This is the hottest summer I can remember and we’re preparing two September releases calculated to keep the heat turned up. As you know, Dr. John is producing Shemekia Copeland’s third CD, Talking To Strangers, and he’s just finished the mixes. It’s chock full (15 songs!) of funky grooves, cool lyrics, great musicianship and of course Shemekia’s huge, soul-drenched voice. In just five years, Shemekia has moved from relative obscurity to headlining blues festivals worldwide. Her giant talent and riveting stage presence have won her a legion of fans. On Talking To Strangers, she delivers not only her patented raw power and energy, but also some of her finest recorded performances yet. At the age of 23, she’s already been singing the blues professionally for eight years. And, as Johnny Copeland’s daughter, she’s been immersed in the blues her whole life. That’s how she can bring such maturity and soul to her singing.
Also in September, those masters of acoustic Piedmont blues, Cephas and Wiggins, return with Somebody Told The Truth, a joyful album full of fingerpicked guitar, romping harmonica and down home vocals. From insightful original songs to fresh arrangements of traditional tunes, these two great bluesmen create an intimate recording that proves they can take a very traditional style of blues and continue to make exciting, contemporary statements.
As I told you last time, 1985 was a banner year for Alligator. As we released Lonnie Mack’s Strike Like Lightning, I jumped into the production of Alligator’s fourth Koko Taylor album, Queen Of The Blues. After ten years with Alligator, during which she covered tens of thousands of highway miles pouring out three sets a night for a few hundred dollars, Koko had finally won some of the recognition she deserved, and was becoming a blues icon and festival headliner. She had performed with so many of the world’s greatest bluesmen that she and I decided to invite some of them to appear on this new album. But first we needed songs. Koko hadn’t written anything for this project, but she had some great ideas for reworking some obscure classics—-Big Maybelle’s I Cried Like A Baby, Ted Taylor’s I Don’t Care No More and a remake of one of her obscure Chess sides, I Can Love You Like A Woman (Or I Can Fight You Like A Man), written by Cash McCall. She also brought a new Willie Dixon tune called Flamin’ Mamie. I had the idea to cut a female version of another Dixon tune, Evil, made famous by Howlin’ Wolf. I found an obscure Johnny Otis song called Beer Bottle Boogie, and suggested Albert King’s The Hunter. An Alligator staff member offered the funky classic Come To Mama (originally cut by Ann Peebles, not Bob Seger).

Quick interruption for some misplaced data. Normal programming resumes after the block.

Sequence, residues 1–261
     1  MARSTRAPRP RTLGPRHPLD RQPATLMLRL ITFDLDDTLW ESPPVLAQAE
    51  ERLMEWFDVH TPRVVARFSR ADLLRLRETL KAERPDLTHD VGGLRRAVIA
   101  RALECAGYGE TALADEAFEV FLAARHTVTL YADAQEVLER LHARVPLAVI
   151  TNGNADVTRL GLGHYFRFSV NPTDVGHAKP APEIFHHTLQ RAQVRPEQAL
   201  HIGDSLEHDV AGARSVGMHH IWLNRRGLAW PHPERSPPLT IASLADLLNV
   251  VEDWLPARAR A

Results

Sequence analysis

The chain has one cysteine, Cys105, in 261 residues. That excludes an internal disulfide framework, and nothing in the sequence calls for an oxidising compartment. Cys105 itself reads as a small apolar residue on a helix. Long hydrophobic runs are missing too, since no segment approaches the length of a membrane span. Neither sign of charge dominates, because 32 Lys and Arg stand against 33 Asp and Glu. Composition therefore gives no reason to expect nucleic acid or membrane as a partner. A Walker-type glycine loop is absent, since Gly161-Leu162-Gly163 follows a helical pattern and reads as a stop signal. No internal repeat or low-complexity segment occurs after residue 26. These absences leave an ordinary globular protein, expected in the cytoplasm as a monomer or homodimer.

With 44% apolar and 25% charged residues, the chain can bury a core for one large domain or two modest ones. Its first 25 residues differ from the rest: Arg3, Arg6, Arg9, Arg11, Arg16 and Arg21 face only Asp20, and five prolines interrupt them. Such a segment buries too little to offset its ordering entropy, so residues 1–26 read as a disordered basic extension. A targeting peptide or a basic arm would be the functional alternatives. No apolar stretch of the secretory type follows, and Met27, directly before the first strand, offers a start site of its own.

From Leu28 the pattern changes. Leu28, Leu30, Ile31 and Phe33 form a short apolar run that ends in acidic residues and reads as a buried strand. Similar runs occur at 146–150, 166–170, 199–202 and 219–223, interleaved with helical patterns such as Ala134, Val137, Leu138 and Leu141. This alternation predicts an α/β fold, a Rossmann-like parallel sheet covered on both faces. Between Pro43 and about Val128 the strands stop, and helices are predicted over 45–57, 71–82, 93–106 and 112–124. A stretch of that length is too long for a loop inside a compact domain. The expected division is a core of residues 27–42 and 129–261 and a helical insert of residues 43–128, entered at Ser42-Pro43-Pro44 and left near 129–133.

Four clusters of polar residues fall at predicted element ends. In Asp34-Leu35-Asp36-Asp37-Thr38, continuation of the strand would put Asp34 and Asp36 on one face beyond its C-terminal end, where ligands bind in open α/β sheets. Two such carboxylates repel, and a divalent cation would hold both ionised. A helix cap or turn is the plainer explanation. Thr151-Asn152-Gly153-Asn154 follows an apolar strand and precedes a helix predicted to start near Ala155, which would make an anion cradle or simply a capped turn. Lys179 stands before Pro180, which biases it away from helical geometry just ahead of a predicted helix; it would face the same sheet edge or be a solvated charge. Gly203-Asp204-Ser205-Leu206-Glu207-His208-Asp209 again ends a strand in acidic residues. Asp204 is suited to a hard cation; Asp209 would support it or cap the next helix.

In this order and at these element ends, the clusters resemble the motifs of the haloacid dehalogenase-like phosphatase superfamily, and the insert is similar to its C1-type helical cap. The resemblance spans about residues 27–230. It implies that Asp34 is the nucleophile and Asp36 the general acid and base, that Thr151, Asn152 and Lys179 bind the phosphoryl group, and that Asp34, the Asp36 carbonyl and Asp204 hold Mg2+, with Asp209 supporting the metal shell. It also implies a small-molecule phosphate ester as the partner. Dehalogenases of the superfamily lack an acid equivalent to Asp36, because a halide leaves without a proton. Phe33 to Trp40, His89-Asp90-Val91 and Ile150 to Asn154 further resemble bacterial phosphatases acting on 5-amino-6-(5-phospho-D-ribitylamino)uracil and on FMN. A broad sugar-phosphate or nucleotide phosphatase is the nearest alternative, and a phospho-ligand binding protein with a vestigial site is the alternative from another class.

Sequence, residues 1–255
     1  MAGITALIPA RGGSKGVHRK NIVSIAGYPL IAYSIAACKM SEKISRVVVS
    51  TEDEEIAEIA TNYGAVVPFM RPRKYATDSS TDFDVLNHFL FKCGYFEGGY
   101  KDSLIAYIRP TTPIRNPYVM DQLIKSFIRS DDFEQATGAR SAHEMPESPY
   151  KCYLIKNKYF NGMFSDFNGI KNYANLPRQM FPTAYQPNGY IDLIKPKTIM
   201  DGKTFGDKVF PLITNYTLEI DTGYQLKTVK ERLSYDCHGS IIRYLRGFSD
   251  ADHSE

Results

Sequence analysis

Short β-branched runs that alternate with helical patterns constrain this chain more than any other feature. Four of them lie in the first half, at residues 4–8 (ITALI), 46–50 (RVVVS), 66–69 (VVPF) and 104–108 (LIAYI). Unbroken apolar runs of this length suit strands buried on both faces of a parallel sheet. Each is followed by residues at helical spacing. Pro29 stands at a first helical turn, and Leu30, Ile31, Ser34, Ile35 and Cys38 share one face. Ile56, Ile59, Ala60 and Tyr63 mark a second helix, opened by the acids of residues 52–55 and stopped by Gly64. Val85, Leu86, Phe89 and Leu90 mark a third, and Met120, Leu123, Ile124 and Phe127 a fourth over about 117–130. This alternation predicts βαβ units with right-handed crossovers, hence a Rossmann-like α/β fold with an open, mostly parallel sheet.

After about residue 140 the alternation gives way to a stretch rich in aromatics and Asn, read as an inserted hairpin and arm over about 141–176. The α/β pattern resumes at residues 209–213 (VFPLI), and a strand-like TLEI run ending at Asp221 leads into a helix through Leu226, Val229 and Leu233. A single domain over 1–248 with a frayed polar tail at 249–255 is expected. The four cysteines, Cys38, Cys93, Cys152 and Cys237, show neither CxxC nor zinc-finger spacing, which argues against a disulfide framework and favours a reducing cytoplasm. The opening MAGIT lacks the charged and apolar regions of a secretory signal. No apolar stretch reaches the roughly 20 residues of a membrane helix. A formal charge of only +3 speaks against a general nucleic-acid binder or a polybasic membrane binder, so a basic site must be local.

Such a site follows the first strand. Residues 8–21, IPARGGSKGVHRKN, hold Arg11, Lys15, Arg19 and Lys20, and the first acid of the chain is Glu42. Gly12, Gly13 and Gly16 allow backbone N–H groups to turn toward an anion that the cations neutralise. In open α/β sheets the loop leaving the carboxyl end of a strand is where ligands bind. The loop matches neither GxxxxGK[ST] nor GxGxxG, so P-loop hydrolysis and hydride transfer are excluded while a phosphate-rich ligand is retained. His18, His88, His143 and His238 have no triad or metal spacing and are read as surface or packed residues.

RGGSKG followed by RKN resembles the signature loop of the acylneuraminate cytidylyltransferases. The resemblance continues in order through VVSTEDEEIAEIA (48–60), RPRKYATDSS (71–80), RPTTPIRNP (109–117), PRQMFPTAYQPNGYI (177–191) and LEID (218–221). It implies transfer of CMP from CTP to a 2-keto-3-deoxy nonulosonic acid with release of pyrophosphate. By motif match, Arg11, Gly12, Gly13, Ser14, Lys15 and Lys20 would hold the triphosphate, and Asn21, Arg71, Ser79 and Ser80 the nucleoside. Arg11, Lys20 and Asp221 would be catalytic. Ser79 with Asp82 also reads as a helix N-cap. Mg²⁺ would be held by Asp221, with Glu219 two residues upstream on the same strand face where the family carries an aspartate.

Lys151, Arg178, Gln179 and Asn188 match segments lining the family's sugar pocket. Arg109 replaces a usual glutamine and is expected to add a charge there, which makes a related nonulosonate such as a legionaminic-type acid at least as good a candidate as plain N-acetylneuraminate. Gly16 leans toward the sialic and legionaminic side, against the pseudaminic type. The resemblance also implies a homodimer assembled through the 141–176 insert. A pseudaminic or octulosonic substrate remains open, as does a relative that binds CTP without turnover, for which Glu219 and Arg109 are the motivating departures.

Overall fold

Next, Koko and I put together an all-star core band, with the great Johnny B. Gayden on bass (from Albert Collins’ Icebreakers), Ray “Killer” Allison from James Cotton’s band on drums, Professor Eddie Lusk on keyboards, and, at the helm, the brilliant Criss Johnson on guitar. Criss had played on Koko’s previous album, From The Heart Of A Woman, but this time, at Koko’s urging, I allowed him to lead the band and put together the arrangements. Criss had been in Otis Clay’s soul band, but for a few years previous to these sessions, he had completely committed himself to gospel music (where he still is today), playing and touring with Shirley Caesar and the Caravans. Criss is simply one of the most exciting guitarists I’ve ever heard, and his arranging skills and musical knowledge are immense. Like me, he idolizes Gene “Daddy G” Barge, the horn player and rhythm arranger who put together so many of the great Chess R&B classics (and produced our Big Twist And The Mellow Fellows albums). From Gene, Criss learned how to get the most out of a musician, and get everyone focused and excited in rehearsal and in the studio. With the songs and band picked, it was time to invite the guests.
More next time,